A few more tech companies do full business in Russia

Some companies, also from the tech sector, still do business exclusively in Russia, despite the fact that many (big) tech companies have stopped after Russia’s invasion of Ukraine, where many people were killed and infrastructure destroyed. This is reported by the Yale Chief Executive Leadership Institute (CELI), which notes which international companies are leaving or staying out of Russia.

Companies continuing business-as-usual in Russia, according to CELI, include Check Point Software, Alibaba, ANT Group, AnyDesk Software, Cadence, Cloudflare, Fujifilm, Honor, Micro-Star International (MSi), OKI, Tencent, Semiconductor Manufacturing International Corporation and ZTE.

Some companies stop new investments but stay in Russia, such as BlaBlaCar, Huawei (which suspends new orders and lays off some of its employees), Ingram Micro (does not do new business in Russia), Lenovo (reports to close operations in Russia), suspend ) and Mavenir.

There are also companies that scale back some key business activities but continue others. They are Activision Blizzard (suspended sales of new games in Russia), Adobe (suspended all new sales in Russia and Belarus; current services continue), Alphabet (withdraw all operations in Moscow; stop accepting new customers; stop ads), Amadeus IT Group (cooperation with Aeroflot suspended), Avaya (restricted certain services; stop new maintenance and support schemes), Esri (restrict sales to Russia; no information about Russian office), Microsoft (suspend new sales in Russia, but continue existing access) , Miro (closes Moscow office and pauses new sales), Okta (discontinues new sales to Russia but continues to support existing customers), Sabel (suspends certain partnerships with Aeroflot), SAP (stops all sales to Russia and closes cloud -operation but some opt-outs), Shutterstock (does not accept new contributors from Russia; continue current business and still provide services to Russia), Spotify (closed office and suspend service, m one still allow Kremlin-linked artists like Gazmanov and Gagarina), TomTom (disabling live traffic for Russia, disconnecting several Russian clients, some clients still under audit).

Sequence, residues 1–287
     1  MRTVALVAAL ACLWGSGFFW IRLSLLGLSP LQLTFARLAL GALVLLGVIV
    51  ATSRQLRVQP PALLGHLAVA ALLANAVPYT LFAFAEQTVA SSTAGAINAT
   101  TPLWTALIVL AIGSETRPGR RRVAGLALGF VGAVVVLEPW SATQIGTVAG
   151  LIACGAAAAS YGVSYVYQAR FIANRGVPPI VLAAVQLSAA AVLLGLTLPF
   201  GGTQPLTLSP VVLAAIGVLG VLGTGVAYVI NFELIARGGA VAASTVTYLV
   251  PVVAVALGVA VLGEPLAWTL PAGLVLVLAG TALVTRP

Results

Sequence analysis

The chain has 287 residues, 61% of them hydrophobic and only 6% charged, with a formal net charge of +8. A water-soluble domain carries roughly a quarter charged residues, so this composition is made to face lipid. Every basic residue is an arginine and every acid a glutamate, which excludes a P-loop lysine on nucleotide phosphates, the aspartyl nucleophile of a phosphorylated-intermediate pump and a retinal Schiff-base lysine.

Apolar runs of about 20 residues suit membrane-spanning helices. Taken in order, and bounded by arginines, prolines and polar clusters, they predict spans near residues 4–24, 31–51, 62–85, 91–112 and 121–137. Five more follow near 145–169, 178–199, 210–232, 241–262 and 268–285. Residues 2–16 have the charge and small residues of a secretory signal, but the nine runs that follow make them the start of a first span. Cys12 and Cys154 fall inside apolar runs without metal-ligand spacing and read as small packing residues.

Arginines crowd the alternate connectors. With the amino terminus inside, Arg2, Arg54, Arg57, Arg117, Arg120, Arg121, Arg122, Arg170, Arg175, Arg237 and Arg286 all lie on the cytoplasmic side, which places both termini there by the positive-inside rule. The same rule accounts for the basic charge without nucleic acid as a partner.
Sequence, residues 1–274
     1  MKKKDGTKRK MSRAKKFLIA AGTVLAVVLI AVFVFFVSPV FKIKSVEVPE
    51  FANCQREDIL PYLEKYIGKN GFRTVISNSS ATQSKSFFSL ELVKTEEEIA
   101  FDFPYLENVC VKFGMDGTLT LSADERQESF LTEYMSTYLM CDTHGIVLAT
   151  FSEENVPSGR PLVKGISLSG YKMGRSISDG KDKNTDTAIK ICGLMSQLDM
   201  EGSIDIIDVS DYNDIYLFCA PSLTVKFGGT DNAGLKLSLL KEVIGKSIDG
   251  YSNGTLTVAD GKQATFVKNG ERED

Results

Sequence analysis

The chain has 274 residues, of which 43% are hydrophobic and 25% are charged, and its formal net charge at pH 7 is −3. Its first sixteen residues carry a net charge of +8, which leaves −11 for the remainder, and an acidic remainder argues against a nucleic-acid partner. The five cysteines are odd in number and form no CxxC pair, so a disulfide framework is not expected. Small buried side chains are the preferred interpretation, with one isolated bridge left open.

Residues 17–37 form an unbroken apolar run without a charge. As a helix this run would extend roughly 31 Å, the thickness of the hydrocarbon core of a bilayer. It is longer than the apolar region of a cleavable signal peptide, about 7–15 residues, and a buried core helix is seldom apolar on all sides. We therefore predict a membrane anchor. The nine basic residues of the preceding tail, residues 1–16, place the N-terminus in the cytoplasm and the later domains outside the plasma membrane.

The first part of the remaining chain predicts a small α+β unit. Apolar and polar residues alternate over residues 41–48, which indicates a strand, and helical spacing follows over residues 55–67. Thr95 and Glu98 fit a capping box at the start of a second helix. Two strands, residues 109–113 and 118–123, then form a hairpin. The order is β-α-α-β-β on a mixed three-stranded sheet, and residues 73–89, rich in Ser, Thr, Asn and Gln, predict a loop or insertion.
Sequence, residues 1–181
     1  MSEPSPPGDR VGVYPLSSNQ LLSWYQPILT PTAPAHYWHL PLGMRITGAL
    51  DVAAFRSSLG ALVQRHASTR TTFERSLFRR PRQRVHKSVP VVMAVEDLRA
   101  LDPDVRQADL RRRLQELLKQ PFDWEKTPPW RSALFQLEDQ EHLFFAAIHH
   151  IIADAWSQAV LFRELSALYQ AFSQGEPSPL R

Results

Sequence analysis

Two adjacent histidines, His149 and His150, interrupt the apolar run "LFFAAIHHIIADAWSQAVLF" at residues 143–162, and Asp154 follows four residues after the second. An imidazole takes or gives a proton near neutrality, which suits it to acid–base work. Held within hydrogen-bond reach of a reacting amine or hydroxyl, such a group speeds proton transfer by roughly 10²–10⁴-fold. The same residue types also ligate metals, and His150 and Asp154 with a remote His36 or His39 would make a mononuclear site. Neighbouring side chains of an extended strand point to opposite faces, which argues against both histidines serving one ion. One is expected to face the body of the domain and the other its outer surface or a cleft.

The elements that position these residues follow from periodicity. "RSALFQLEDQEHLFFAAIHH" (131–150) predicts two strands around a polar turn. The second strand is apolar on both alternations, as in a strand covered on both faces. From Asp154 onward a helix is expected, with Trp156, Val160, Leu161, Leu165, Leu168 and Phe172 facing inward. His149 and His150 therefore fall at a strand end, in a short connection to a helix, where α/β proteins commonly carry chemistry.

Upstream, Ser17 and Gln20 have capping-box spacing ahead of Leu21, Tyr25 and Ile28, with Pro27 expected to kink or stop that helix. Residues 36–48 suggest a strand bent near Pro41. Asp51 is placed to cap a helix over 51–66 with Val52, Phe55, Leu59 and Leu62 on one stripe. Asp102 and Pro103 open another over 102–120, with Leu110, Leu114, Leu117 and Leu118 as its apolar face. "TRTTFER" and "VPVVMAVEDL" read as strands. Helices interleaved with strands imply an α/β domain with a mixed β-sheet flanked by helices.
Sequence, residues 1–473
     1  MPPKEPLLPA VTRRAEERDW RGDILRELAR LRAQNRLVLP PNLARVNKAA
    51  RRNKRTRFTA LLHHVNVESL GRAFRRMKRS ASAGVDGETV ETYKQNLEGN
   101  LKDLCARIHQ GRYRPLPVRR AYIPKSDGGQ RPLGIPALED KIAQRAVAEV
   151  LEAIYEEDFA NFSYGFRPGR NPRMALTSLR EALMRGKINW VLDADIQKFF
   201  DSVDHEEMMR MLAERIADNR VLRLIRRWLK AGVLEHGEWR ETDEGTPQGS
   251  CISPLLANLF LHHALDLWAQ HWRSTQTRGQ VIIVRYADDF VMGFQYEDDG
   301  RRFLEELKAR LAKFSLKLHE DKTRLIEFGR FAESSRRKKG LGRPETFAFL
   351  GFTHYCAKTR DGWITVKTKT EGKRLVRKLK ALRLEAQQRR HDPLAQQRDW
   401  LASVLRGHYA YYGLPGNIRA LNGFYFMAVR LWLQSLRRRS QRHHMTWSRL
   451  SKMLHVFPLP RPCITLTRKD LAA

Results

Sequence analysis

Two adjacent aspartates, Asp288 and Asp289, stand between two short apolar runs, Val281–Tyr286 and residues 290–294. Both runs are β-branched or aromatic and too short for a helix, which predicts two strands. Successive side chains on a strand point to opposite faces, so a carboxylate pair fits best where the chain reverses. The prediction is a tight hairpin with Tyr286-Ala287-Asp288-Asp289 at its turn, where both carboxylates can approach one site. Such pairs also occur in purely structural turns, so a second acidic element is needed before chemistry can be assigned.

Invasion

CELI reports on its website: “Since the invasion of Ukraine began, we have followed and are still counting the responses of more than 1,200 companies. More than 1,000 companies have publicly announced that they are voluntarily curtailing their activities in Russia to some extent. above the bare minimum required by law under international sanctions – but some companies have continued to operate in Russia undaunted. Originally a simple “withdraw” vs “stay” list, our list of companies now consists of five categories – ranked by school AF -style letter scale for completeness of retraction. The list is continually updated by Jeffrey Sonnenfeld and his team of experts, research fellows and students at the Yale Chief Executive Leadership Institute to reflect new company announcements as close to real time as possible. Our list has already received extensive attention for its role in the catalyst and on the mass emigration of companies from R usland.

When this list was first published the week of February 28, only a few dozen companies had announced their departure. We are humbled that in the two months since, our list has seen almost 1,000 companies withdraw. While we are pleased that our list has been widely circulated in boardrooms, government officials and the media as the most authoritative and comprehensive account of this powerful, historic movement, we are most inspired by the thousands of messages we have received from readers around in the world, especially those from Ukraine, and we continue to welcome your tips – preferably with documentation – as well as your insight and feedback on [email protected]. For a sortable, detailed version of the list below, visit our extensive database where you can filter companies by letter grade, country, sector and more.

Click here to watch President Zelenskyy’s interactive Q&A, hosted by Jeffrey Sonnenfeld and streamed live by CNBC, with over 150 top US CEOs at the Yale CEO Summit in June 2022, and click here to read about President Zelenskyy’s key lessons for business leaders.

Click here to read our latest SSRN working paper on financial markets’ response to our list showing that investors are punishing companies that stay in Russia.

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